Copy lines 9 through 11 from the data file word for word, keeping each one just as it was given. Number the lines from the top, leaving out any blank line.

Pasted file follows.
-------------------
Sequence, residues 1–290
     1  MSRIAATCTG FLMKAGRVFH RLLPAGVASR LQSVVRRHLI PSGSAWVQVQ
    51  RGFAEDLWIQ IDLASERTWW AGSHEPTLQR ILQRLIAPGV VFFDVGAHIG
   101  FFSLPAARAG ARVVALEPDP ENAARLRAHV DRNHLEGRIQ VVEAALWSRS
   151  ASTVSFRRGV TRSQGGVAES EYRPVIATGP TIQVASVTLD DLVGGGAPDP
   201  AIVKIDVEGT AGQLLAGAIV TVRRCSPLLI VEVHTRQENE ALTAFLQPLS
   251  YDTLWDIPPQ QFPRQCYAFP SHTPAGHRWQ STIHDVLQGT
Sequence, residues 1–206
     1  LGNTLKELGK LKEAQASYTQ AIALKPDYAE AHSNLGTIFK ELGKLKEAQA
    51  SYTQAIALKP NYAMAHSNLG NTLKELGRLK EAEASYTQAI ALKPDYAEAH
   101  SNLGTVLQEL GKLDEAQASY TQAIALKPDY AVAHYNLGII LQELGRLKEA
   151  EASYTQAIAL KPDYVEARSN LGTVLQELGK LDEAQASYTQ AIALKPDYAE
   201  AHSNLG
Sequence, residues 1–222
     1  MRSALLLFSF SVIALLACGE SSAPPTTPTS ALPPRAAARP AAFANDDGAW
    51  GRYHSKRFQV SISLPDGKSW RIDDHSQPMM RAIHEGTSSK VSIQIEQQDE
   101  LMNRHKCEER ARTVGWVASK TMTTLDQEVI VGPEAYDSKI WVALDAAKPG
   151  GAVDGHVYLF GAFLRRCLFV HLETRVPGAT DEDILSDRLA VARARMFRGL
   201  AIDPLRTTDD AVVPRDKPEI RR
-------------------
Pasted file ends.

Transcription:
     1  LGNTLKELGK LKEAQASYTQ AIALKPDYAE AHSNLGTIFK ELGKLKEAQA
    51  SYTQAIALKP NYAMAHSNLG NTLKELGRLK EAEASYTQAI ALKPDYAEAH
   101  SNLGTVLQEL GKLDEAQASY TQAIALKPDY AVAHYNLGII LQELGRLKEA